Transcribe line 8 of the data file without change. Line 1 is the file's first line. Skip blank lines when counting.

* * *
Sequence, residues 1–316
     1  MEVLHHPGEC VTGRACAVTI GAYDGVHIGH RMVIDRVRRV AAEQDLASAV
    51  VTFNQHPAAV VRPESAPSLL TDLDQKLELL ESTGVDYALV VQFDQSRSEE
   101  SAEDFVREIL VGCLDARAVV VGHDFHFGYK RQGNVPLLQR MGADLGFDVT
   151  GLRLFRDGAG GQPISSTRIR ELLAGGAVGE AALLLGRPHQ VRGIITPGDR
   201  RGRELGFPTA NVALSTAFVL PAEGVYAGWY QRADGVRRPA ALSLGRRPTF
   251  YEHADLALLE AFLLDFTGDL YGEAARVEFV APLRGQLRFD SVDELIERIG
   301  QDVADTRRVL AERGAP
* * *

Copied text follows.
   301  QDVADTRRVL AERGAP